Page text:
[unisog] NAT'ing Quarantine Networks to Windows Update

Cooper F. Nelson cnelson at ucsd.edu
Fri Jun 4 18:57:50 GMT 2004


I've been researching this process a bit more and discovered that the 
actual service packs and hotfixes come from download.microsoft.com via a 
standard http transfer, so what I wrote below is incorrect.  SSL is only 
used for the windowsupdate activeX control and some html content.  This 
actually works out well as squid will cache the hotfixes and speed 
deployment to the local net.

-Cooper

Cooper F. Nelson wrote:

> Ah, sweet serendipity, I've just been working on the very same thing. 
> The biggest problem I've had is figuring out the BIND magic needed to 
> override the relevant host names.
>
> In the meantime I've faked this by adding entries for 
> windowsupdate.microsoft.com and v4.windowsupdate.microsoft.com to the 
> hosts file for my test XP box.  Both hosts resolve to a virtual IP on 
> the NAT firewall.
>
> I'm using the "Shorewall" firewall on a Linux box to handle all the 
> proxying and NAT'ing.  For both sites I redirect all http requests to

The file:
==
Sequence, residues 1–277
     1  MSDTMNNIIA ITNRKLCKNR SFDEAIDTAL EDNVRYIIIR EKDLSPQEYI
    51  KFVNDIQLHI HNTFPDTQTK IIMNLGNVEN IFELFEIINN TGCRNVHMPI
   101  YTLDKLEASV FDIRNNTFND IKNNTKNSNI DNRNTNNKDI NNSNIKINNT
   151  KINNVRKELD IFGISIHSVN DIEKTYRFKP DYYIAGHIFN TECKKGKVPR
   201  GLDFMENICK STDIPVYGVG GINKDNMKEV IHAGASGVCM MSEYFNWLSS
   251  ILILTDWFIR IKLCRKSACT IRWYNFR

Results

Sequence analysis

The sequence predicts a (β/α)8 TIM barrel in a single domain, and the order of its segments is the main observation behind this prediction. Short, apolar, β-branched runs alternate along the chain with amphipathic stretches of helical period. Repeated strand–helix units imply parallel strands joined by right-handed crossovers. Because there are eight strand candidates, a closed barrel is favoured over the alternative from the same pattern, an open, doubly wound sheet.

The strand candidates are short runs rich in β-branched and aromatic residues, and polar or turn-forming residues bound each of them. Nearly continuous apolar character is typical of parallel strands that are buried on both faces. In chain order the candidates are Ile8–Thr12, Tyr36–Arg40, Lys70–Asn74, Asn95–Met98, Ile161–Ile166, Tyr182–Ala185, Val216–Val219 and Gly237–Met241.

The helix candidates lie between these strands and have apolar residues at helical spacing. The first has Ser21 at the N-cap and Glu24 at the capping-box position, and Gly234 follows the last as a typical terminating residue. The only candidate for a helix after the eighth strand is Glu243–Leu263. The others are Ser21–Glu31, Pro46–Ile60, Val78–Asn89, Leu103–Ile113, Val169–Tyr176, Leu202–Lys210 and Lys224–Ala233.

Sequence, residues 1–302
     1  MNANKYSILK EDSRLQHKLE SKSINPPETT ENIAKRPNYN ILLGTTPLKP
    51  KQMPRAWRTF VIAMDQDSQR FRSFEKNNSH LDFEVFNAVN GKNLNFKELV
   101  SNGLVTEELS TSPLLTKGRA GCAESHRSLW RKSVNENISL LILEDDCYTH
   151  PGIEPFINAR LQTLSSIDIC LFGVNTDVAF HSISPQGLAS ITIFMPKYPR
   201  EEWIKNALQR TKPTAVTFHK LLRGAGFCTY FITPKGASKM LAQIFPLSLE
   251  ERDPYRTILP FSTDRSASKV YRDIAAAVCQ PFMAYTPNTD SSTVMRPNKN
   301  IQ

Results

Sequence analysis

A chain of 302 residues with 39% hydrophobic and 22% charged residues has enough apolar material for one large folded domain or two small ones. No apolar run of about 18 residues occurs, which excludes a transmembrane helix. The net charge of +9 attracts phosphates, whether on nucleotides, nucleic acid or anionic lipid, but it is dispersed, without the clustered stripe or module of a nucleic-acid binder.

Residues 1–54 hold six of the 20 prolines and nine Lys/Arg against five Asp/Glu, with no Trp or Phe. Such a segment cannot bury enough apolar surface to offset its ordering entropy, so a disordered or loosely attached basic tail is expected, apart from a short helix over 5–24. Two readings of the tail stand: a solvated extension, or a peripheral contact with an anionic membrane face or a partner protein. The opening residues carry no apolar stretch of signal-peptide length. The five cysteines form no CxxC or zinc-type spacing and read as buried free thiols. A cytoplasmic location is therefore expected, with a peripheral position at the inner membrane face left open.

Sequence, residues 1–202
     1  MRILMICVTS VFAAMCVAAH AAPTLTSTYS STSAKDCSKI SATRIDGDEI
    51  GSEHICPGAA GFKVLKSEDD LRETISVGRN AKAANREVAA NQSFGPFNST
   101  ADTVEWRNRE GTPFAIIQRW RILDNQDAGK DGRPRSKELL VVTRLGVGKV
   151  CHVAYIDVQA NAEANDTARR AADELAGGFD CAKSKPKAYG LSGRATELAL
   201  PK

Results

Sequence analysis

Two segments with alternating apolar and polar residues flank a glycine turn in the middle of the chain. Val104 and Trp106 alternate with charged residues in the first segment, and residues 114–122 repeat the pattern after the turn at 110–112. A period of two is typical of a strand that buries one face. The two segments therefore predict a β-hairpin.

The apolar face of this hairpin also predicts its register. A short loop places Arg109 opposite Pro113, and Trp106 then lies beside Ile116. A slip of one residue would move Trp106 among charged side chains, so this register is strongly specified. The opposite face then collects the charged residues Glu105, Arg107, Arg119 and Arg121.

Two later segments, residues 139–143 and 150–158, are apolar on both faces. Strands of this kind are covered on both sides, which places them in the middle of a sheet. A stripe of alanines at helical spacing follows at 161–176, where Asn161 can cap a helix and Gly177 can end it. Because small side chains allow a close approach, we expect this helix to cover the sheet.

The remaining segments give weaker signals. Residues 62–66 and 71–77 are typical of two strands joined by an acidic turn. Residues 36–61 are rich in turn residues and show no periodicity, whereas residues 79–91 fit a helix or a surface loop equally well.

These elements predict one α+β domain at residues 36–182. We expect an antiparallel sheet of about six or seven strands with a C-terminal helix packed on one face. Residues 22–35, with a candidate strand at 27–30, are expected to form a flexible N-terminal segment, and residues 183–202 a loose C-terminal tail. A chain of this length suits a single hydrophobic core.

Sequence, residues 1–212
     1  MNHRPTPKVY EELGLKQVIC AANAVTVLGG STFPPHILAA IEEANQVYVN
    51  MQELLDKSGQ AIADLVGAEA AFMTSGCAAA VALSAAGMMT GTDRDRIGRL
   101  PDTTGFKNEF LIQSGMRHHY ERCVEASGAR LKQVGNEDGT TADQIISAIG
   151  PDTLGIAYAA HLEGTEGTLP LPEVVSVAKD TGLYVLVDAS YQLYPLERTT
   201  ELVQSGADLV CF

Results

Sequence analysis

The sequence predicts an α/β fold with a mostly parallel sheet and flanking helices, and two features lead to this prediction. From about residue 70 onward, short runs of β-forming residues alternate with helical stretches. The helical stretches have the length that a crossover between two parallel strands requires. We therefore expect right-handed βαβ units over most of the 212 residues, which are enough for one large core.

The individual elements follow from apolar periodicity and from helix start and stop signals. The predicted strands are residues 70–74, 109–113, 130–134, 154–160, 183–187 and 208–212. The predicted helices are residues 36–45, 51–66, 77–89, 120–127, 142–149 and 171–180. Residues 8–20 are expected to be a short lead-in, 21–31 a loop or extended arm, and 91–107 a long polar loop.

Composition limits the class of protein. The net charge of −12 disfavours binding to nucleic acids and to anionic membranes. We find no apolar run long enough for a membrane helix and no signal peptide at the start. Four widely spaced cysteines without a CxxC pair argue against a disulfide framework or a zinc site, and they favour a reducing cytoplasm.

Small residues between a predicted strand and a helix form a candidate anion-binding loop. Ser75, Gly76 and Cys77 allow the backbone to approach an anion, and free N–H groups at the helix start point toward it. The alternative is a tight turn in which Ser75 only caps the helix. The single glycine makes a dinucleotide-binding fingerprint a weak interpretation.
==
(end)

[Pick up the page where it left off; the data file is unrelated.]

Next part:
> a Squid proxy cache on the same server.  The actual updates, however 
> are transferred via https from the v4.windowsupdate.microsoft.com 
> host. For that traffic I setup a DNAT rule on the firewall to forward 
> all sessions directly to that host.  This way even a machine that has 
> had all egress traffic filtered can still get updates.  I've tested 
> this on Win2K and XP and it works fine, even when all other traffic is 
> blocked.
>
> Some notes:
>
> The windowsupdate and v4.windowsupdate hosts are load balanced and 
> will resolve to different IP's at times.  And of course, these IP's 
> probably will change at somepoint, as may the hostnames themselves 
> when SP2 is released (SP2 uses v5.windowsupdate.microsoft.com at the 
> present).  Keep that in mind.
>
> I would be happy to post my Shorewall rules if there is interest.
>
> Cheers,
> -Cooper
>
> Phil Rodrigues wrote:
>
>> Hi all,
>>
>> Like many of you, NYU is trying to get a full-featured vulnerability 
>> detection and remediation system in production before students 
>> return. Some of you lucky &@#$'s even have it working already. :-)
>>
>> In brief, the plan is to have DHCP and DNS servers very similar to 
>> NetReg forward clients to our registration system, where a scan will 
>> be requested.  We are using LVS to cluster a few pieces of hardware 
>> into one virtual Nessus server, and will either use nessus::scanlite 
>> or something very similar to request a fast scan from the cluster.  
>> If the host passes they get registered, if they fail they get 
>> forwarded to a remediation website that instructs them how to fix 
>> their problem.  This should all sound pretty familiar by now.
>>
>
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